Elderly suicide has become an increasingly social problem in mainland China. This study analyzes the suicide of rural elderly people from the perspective of social competition and intergenerational relations. Through fieldwork, the imbalance of resource allocation caused by social differentiation has been observed. Rather unprivileged peasants are more likely to transfer the pressure of social competition to the elderly family members through intergenerational exploitation. Once the elderly can no longer create value, cannot take care of themselves, or suffer from disease, they become a burden and cumbersome to their descendants; thus they are apt to commit suicide for the pressure and also the consideration of the younger generation. Their value is determined by the cost and benefit in taking care of them. Meanwhile, in order to justify the exploitation towards the elder generation since it’s against traditional Chinese morality, the mechanism of “demoralization” came into being through the daily language of fellow villagers. This has eased the moral burden on the younger generation and made it “normal” to treat the elderly in such a way.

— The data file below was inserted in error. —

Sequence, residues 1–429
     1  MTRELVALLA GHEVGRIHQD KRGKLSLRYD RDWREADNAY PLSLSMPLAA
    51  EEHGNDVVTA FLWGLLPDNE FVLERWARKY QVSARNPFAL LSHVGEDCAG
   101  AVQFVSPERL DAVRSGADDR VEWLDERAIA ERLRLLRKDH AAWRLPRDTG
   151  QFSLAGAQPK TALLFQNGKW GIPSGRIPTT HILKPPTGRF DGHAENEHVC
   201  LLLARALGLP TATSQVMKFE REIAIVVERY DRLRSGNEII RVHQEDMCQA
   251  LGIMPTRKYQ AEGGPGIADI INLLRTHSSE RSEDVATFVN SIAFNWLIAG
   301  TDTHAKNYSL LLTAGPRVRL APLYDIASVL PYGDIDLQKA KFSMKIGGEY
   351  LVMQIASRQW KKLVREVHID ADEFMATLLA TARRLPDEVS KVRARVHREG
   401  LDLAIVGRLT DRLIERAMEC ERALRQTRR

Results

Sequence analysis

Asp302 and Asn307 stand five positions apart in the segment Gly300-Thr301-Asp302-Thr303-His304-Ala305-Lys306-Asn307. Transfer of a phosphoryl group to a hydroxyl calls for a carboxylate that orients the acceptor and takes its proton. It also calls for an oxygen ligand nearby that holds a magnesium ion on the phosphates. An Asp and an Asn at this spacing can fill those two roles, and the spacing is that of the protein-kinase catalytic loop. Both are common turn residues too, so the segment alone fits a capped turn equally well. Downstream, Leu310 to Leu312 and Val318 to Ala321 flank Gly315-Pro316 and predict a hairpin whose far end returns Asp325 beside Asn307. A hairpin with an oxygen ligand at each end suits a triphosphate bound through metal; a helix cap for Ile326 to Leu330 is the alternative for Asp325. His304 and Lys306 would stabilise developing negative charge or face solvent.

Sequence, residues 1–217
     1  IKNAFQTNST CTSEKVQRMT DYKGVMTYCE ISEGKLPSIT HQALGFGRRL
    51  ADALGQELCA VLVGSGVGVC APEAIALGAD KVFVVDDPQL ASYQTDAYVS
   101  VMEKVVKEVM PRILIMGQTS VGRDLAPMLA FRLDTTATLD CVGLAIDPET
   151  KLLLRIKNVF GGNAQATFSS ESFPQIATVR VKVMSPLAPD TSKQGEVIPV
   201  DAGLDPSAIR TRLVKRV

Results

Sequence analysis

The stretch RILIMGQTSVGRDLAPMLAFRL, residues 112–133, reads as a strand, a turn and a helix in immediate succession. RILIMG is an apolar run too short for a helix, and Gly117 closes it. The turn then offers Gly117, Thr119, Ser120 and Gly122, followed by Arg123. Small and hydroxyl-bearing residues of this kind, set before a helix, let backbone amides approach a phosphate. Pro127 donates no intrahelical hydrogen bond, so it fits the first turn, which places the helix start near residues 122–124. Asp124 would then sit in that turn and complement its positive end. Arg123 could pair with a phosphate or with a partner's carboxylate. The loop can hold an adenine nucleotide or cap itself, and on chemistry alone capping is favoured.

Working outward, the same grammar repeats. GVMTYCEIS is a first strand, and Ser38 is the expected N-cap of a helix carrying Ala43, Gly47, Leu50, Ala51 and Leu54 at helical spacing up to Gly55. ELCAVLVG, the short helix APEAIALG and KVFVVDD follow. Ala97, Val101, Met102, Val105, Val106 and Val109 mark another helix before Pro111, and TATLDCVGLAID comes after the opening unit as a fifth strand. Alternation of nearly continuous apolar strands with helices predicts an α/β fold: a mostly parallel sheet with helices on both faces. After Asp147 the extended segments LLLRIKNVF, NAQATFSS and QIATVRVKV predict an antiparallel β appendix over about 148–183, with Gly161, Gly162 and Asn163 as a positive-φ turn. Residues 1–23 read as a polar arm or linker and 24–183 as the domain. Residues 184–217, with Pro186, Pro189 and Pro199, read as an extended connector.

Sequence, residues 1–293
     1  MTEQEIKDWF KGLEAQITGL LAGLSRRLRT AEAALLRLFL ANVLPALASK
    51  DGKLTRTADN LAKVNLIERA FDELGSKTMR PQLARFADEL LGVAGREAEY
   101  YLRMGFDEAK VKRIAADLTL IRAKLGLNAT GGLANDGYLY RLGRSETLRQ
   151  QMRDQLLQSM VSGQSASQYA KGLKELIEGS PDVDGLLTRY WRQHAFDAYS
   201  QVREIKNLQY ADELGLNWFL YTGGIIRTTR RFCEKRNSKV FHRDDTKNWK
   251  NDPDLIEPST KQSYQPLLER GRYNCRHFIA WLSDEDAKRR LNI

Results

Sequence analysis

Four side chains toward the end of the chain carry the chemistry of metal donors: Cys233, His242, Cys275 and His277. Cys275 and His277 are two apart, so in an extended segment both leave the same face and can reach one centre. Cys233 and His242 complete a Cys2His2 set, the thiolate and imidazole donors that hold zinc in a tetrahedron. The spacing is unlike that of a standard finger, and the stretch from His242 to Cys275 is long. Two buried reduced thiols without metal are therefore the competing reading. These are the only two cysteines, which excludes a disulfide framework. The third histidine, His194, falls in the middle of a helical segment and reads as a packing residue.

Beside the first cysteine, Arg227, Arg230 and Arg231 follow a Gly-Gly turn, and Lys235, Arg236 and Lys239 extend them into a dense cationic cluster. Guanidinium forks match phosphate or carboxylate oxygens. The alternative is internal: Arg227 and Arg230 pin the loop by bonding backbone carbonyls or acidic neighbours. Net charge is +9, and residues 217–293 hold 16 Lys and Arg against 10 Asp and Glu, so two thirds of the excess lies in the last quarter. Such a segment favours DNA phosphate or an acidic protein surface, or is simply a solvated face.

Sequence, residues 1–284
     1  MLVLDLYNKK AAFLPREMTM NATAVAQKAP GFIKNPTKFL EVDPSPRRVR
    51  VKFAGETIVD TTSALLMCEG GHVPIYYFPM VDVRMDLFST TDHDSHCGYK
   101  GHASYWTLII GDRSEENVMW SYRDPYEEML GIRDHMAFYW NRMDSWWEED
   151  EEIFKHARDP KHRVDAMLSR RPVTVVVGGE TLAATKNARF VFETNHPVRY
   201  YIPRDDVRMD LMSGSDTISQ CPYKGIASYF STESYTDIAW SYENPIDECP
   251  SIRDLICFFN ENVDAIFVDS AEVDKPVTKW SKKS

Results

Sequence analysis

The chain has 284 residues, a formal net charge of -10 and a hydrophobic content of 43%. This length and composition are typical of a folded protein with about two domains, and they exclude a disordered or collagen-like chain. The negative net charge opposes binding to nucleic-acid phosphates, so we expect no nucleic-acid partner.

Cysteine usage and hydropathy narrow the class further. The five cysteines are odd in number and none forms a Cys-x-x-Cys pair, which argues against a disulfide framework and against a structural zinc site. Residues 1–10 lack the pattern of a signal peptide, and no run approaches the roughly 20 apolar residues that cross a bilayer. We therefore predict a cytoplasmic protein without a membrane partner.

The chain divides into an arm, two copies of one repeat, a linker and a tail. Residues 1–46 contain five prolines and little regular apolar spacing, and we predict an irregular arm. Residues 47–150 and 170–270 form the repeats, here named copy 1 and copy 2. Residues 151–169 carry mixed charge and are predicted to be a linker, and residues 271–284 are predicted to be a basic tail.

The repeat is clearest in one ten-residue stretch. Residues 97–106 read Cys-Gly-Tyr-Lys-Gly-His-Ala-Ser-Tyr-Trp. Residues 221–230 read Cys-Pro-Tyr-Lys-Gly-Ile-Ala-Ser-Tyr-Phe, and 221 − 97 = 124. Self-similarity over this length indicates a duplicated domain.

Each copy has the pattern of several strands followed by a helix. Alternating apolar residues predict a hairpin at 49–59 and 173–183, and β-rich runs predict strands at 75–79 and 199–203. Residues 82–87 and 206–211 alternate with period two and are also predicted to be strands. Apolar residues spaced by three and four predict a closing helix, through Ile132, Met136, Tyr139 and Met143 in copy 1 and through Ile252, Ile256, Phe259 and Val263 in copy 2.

Social differentiation; Social competition; Rural population; Intergenerational relations; Elderly suicide
Social and Cultural Perspectives on Aging
Doctoral Student, Graduate School of Media and Governance, Keio University, Japan